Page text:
If you're looking for unique coffees to enjoy at home, you can make coffee French. Its beans provide you with a distinct smoky, and sweet flavor that makes you want to go back for more.
What is French Roast Coffee
After buying the best commercial espresso machine for coffee shop for your future business, you may want to add a couple of unique brews to stand out among your competition, and you can start with the classic French roast. French roast coffee is one of the several coffee roasts named for roasting styles, as coffees thrived in popularity throughout Europe in the 19th century. Today, many people use French roast as a term to describe most dark-roasted coffees. French roast coffee, Turkish coffee, Dark roasts, and espresso are the names applied to a degree of roast of beans that produces dark brown to black coffee beans.
In French roast coffee, the beans are well into the second crack of the roasting process, providing you with beans that are colored dark brown and boasting a shiny surface from its oils. Coffees brewed from these particular roasted beans tend to have the natural flavors of the beans muted, particularly any acidic notes, making the brew less acidic and bolder.
Making French Roast Coffee
When making French roast during its roasting process, the beans' internal temperature can reach 464 degrees Fahrenheit. As the coffee roasts get darker, the coffee beans' color darkens, and more natural coffee oils emerge on the surface. These result in dark brown French roasted beans and shimmering with oil.
The beans typically undergo the roasting process below.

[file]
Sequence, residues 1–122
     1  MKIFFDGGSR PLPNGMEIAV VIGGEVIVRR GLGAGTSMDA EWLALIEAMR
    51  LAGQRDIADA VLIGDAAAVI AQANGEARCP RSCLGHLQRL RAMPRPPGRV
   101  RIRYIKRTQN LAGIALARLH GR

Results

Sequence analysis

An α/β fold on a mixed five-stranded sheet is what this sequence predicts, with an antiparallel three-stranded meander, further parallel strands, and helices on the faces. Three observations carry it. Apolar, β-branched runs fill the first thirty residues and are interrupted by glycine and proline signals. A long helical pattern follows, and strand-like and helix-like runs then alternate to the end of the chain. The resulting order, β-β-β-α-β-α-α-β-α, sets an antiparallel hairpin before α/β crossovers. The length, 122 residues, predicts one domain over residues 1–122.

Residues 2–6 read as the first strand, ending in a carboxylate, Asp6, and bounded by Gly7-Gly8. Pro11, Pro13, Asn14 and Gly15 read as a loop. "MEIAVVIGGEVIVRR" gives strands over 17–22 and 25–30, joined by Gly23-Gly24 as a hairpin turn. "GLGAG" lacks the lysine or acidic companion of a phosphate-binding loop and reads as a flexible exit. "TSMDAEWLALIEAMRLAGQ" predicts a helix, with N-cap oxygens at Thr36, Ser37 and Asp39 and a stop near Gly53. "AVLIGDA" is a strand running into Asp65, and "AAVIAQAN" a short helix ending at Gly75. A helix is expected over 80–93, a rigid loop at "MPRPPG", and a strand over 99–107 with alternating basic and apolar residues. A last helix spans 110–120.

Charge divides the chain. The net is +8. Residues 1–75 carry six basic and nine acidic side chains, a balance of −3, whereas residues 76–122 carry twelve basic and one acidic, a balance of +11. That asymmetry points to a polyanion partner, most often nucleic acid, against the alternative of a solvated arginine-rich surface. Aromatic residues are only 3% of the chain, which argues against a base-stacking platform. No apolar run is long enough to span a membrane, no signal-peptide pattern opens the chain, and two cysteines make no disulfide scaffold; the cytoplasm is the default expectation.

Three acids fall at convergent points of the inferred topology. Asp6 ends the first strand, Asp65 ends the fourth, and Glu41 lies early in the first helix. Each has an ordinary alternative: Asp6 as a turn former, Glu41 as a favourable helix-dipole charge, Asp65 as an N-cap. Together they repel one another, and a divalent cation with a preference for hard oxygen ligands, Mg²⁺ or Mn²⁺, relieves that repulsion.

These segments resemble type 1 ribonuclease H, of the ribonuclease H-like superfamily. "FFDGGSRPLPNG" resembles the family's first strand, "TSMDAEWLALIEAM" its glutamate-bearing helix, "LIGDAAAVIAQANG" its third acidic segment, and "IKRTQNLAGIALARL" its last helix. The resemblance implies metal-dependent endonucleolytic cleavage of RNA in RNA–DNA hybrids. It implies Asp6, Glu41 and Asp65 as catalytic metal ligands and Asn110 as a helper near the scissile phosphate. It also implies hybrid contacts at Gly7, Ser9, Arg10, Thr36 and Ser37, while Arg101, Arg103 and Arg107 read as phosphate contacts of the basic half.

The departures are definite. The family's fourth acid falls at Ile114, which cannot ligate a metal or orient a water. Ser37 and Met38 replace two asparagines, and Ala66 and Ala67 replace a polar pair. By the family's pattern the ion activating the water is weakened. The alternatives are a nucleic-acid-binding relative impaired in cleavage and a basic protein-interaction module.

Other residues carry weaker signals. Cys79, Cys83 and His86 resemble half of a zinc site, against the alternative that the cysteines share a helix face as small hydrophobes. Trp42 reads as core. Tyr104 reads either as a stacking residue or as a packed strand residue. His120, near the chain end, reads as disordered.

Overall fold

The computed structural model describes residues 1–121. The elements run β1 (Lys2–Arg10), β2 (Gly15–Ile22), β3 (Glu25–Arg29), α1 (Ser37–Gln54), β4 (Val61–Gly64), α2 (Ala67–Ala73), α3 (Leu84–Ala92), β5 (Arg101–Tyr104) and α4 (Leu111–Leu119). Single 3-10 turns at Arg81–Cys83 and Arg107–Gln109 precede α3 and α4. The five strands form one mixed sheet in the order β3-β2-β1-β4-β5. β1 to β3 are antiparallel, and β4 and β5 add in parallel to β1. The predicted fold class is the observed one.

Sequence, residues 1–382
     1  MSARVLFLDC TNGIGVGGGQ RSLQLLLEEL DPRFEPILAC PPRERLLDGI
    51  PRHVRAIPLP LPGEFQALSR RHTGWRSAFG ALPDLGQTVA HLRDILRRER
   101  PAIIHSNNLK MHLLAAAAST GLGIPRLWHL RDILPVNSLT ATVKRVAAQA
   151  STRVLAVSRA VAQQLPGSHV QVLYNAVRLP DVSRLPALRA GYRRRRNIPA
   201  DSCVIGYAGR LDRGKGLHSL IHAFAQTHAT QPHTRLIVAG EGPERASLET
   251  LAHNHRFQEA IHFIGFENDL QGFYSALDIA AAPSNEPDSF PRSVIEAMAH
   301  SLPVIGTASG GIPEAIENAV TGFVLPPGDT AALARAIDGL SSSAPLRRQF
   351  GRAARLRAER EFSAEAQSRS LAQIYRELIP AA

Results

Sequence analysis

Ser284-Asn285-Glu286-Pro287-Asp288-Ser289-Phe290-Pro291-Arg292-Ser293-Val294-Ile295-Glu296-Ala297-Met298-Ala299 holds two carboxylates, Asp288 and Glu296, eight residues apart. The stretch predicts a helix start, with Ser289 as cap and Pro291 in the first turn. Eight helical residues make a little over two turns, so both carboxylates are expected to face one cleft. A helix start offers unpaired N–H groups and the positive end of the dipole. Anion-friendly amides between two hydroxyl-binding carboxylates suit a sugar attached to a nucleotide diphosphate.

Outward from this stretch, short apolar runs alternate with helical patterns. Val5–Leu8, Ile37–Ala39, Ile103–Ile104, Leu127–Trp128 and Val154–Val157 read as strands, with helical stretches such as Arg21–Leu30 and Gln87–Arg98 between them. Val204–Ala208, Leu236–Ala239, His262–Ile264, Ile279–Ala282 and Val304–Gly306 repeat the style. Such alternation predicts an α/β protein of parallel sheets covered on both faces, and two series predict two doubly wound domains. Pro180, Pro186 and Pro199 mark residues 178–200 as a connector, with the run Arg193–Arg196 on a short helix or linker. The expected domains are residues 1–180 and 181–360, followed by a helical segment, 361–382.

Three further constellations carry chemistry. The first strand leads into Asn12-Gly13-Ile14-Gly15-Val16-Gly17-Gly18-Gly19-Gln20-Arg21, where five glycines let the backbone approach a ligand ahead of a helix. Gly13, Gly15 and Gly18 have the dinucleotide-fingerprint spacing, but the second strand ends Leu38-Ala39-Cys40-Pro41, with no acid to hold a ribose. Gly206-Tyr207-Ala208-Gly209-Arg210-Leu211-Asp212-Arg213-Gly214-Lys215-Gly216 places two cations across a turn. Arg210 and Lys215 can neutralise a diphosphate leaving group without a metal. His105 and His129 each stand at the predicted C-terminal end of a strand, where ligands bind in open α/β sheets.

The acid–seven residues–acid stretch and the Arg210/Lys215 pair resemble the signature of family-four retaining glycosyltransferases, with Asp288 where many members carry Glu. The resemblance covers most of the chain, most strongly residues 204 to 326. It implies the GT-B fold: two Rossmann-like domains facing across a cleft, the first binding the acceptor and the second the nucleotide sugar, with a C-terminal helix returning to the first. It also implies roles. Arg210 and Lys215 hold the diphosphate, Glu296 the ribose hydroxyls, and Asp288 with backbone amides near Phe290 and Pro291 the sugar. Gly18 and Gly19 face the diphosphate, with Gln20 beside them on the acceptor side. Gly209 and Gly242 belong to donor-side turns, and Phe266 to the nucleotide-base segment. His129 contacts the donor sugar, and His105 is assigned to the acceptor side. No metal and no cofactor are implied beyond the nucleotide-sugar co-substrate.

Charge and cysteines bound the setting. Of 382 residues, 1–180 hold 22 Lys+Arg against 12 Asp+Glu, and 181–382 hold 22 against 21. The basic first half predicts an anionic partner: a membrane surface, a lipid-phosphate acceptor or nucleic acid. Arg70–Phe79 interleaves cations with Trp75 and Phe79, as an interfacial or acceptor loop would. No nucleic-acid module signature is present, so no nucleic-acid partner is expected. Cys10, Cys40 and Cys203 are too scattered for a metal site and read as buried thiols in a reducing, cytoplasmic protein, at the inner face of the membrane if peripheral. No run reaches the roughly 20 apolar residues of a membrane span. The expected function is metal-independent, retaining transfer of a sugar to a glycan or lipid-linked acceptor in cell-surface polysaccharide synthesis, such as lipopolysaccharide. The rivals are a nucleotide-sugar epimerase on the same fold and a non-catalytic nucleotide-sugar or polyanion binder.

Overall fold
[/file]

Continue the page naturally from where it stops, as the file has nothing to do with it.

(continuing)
- French roast coffee beans need to be held in a roaster with an internal temperature of 400°F or higher for the first five minutes of roasting. The high heat application helps in preserving the internal moisture of the beans.
- After the initial 5 minutes, the beans begin to develop its full flavors, and you'll hear the first crack around 360°F, releasing carbon dioxide and water vaporization from expansion. This time is when you stop roasting for lighter roasts.
- As the internal temperature rises, between 360°F and 395°F, the bens begin to turn darker brown, resulting in the Maillard reaction or the medium roast.
- Once the beans' internal temperature reaches over 400°F, it will produce a second crack, indicating it reached the dark roast standards, giving you your favorite roasted coffee.
Bittersweet and a distinct smoky flavor from the roast will dominate the overall taste of the resulting brew. French roast coffee is prevalent in coffee associated in the west, and many coffee shops or professional baristas use this roast profile when making American espresso.
What is Different about French Roast Coffee
French roast coffee is one of the darkest roasts on the scale, providing rick smoky, burnt, but sweet flavors, providing unique brews to start your day right. Most people use the roast for making American espressos because of its thin body and intense coffee flavor, making it a versatile, robust drink. So before making a beverage using French roast coffee, make sure you read your Cuisinart automatic grind and brew coffee maker instructions for the best results.
But what makes this particular roast so popular? What makes it so different from other roasts? Below are the unique characteristics that French roast coffee offers.
- Its beans are much darker than other roasts, and when compared to light roasts, it appears nearly black or burnt.
- Brews you get from a French roast offers a more robust and bolder flavor because of the extended period of roasting, giving you a rich-tasting caffeinated drink to start the day with a kick in your step.
- It contains more oils on the surface than most roasts because, after the second crack of the roasting process, natural oils from the coffee start to emerge on the surface of the beans.
- It features lower acidity levels than other roasts because the longer roasting process the coffee undergoes burns off more caffeine.